While approaching the end of my 680 kms cycling pilgrimage along the proposed Turas Columbanus I took time to make a mini pilgrimage to Goward Dolmen in the Parish of Clonduff, County Down.
The reason being my aunt Madge is married to Pete Kearney and they have lived in Mittagong New South Wales for many years. The Kearneys originally hailed from Goward, but there are no Kearneys living in the old parish now.
While cycling out of Hilltown in the rain recently I asked an elderly lady if she knew of Pat Kearney’s Stone and she gave me good directions. But she wasn’t aware of any Kearneys from the area. As I turned onto the laneway I could see that the furze bushes had been cut and the lane was littered with thorn branches. Between the rain and the thorns I decided not to venture the mile or so off route and planned to visit on my next leg of the journey.
On Tuesday I completed Turas Columbanus to Bangor and on my return via Hilltown, I drove to Pat Kearney’s Big Stone.
Pete’s father, also Peter, carried out detailed research some years ago, along with his wife and established where their ancestors were from and he came across a photo of his great grandfather sitting on a ledge beside the big stone.
The first member of the family to visit the Stone was Pete’s son, and our first cousin, Jason, who was sent on a mission by his Grandad to visit the Stone and take photos. Pete and members of his family subsequently visited the area some years back and completed walks from Kilbroney to the Stone thus honouring their ancestors and their home place. Pete just provided me with the following detail about the Kearney family of Goward and Pat Kearney’s Big Stone.
I never in my wildest dreams imagined spending two nights of my holidays in Banagher! If there is a positive to Covid-19 it is that we are looking afresh at how we spend our time and where we spend it.
#Staycation is the new buzzword and holiday at home is the only recommended option. Avoiding Covid hotspots and crowded venues should be the norm if we are to restrict the spread of Covid.
On the plus side we are looking at our own country in a different way; we are seeing the beauty in the ordinary and loving it. We spent the last week exploring Ireland’s Hidden Heartlands and its Ancient East – never quite sure where the demarcation line is between the two!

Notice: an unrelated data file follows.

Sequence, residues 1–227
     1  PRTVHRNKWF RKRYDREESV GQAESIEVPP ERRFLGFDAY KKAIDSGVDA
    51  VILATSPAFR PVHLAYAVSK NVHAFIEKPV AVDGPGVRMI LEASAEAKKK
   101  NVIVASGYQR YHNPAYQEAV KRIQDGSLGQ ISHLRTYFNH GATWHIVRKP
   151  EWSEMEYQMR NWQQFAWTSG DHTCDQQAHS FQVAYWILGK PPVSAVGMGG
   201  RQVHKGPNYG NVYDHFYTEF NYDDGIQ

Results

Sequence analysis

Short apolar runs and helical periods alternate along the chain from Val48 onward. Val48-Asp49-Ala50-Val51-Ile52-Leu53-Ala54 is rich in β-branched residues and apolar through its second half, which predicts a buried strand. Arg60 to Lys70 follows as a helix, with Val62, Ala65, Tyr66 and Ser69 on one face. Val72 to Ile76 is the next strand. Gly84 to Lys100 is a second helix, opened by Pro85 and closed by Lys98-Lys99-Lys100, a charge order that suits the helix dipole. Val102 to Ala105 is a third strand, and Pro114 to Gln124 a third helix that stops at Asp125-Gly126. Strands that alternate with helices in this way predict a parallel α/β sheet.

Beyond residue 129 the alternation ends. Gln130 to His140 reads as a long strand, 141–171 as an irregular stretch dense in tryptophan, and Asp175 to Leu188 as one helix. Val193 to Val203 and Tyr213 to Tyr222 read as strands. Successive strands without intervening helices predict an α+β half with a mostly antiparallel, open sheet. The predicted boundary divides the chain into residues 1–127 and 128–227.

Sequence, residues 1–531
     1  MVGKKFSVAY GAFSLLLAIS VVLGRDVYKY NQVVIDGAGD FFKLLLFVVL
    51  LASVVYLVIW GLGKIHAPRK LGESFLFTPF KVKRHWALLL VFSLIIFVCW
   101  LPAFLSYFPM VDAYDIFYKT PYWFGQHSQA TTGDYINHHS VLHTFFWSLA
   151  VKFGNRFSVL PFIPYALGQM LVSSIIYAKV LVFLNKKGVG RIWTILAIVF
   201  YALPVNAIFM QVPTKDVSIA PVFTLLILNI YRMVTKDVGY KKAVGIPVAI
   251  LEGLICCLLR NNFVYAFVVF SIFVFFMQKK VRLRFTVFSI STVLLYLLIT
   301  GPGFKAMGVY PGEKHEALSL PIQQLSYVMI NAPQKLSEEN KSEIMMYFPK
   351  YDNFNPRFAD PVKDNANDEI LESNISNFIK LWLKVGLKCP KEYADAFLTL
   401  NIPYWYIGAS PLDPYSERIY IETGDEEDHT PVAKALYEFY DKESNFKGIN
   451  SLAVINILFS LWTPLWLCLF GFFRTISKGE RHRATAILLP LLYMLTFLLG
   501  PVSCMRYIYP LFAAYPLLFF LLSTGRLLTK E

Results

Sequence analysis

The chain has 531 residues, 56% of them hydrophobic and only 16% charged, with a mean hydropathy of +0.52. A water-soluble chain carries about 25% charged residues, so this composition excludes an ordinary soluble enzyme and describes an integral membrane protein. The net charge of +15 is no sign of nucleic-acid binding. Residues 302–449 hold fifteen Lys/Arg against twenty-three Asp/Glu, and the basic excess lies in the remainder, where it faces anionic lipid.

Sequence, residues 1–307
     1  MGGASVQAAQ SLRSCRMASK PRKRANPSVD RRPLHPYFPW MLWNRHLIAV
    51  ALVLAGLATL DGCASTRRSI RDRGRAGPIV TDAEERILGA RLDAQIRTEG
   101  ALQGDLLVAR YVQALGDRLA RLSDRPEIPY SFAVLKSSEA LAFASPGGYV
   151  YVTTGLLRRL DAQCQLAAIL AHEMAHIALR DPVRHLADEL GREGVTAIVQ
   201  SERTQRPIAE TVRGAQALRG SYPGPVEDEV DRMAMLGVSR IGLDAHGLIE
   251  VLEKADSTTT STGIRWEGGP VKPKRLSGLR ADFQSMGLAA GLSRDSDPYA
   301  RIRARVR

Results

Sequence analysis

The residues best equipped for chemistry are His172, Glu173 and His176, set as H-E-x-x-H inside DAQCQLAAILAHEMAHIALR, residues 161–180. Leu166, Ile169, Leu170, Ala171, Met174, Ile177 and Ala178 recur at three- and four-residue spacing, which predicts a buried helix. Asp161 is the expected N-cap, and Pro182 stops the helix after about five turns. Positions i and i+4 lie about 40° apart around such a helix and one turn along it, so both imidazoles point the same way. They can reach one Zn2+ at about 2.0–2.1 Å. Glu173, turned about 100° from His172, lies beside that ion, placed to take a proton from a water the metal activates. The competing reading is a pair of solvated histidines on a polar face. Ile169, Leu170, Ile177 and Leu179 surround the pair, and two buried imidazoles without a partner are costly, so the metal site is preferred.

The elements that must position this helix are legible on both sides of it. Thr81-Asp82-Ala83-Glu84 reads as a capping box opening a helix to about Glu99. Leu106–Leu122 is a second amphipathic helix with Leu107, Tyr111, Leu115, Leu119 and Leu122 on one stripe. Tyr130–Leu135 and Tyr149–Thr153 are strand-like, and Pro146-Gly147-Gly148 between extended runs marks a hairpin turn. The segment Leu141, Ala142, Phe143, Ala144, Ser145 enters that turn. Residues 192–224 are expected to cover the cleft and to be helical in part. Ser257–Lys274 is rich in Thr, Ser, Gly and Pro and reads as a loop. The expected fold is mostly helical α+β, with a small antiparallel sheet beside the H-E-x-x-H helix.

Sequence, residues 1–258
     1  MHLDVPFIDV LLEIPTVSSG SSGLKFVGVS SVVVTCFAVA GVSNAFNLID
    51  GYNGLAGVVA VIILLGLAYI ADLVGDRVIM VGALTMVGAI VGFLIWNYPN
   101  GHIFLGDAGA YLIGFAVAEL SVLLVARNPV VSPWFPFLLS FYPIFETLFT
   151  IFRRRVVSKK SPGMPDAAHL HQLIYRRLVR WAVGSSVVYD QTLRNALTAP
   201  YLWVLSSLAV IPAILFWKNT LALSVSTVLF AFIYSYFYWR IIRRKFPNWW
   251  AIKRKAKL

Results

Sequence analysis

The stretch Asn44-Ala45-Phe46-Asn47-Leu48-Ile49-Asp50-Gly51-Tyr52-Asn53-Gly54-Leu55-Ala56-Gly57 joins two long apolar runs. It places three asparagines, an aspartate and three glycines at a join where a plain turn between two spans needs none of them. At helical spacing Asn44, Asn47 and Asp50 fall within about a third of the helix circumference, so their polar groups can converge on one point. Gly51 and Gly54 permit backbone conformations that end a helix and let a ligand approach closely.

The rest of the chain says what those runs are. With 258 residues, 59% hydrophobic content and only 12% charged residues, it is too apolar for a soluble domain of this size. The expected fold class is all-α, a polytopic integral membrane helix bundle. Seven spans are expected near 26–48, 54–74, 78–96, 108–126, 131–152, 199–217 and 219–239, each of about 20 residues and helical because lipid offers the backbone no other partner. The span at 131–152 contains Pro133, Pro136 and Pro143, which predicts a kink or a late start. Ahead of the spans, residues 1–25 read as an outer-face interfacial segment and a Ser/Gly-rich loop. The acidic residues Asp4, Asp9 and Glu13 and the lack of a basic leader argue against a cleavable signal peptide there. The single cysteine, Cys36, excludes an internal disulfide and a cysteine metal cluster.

One thing for sure is that the welcome is genuine, there is nothing ‘fake’ about the friendliness of people that you meet, which sometimes I question when I visit tourist hotspots along our coasts.
It was our first time to hire a boat and my only regret is we didn’t do it years ago! It was the perfect way to social distance and to see places along the Shannon from a different perspective. Time stands still as the boat moves so slowly! Great to see groups of young people thinking likewise and hiring small boats and barges for a holiday with a difference – they don’t deserve the blame they are getting for the increase in the spread of Covid – they are no more responsible than every age group..
Stopping off in tiny villages such as Dromineer and Terryglass was just perfect; some great local pubs with great food, great walking and cycling routes too.
The Shannon region is steeped in history and there are some amazing sites to visit. Is there a more scenic setting for a monastic site than famed Clonmacnoise? The English and the Vikings have a lot to answer for in relation to our heritage sites. They reduced so many of them to ruins and destroyed such important parts of our history.
Not far away along the byroads of Offaly is Lough Boora Discovery Park and The Offaly Way where we got to take in some lovely cycling routes across a corner of Offaly I’ve seldom visited.
West of the Shannon, Portumna Forest Park covers an impressive 1600 acres and has some incredible single trail cycle tracks. Home to a herd of fallow deer and its possible to spot the White Tailed Sea Eagle from the bird hide on the Lakeshore.
One of the highlights of our trip was a visit to the stunningly beautiful and simple Meelick Church – the oldest church in continuous use in Ireland, Built in 1414 AD it is still in daily use.
Seven days exploring a region that we would normally pass through proves yet again that every county has so much to offer, if we only take the time to visit and explore. Look with new eyes, try something different, use your two feet and explore the great outdoors! We give out about the weather but in reality there is no such thing as bad weather only bad clothing! Stay home this year, spend a few bob in our own country and help small businesses stay afloat and hopefully thrive!
A request by Andrea Ellis to take part in a charity cycle on the Waterford Greenway in aid of The Jack & Jill Foundation had to be supported and provided the motivation to complete the section from The Quays in Waterford to Kilmacthomas.
Weather held up and a slightly crosswind was no impediment to progress.
Two groups set out to meet in the middle, the second group starting in Dungarvan. The event was hosted by Bank Of Ireland and it was great to start from the Branch where Waterford Blaas and sausages were provided before we set out! Nice goody bags provided too and all while supporting a good cause. Nice to meet Hugo Jellett, formerly of Carlow Arts Festival too who gave a short chat on behalf of the Foundation.
The Blaa is unique to Waterford and the name is protected by the European Commission as a local product under the Protected Designation of Origin (PDO) – just like Champagne can only come from the Champagne region of France!
The cycling was easy, these old rail routes are always relatively flat and straight and the section completed today pales in comparison with the Kilmacthomas to Dungarvan section.
Return distance today was 48kms.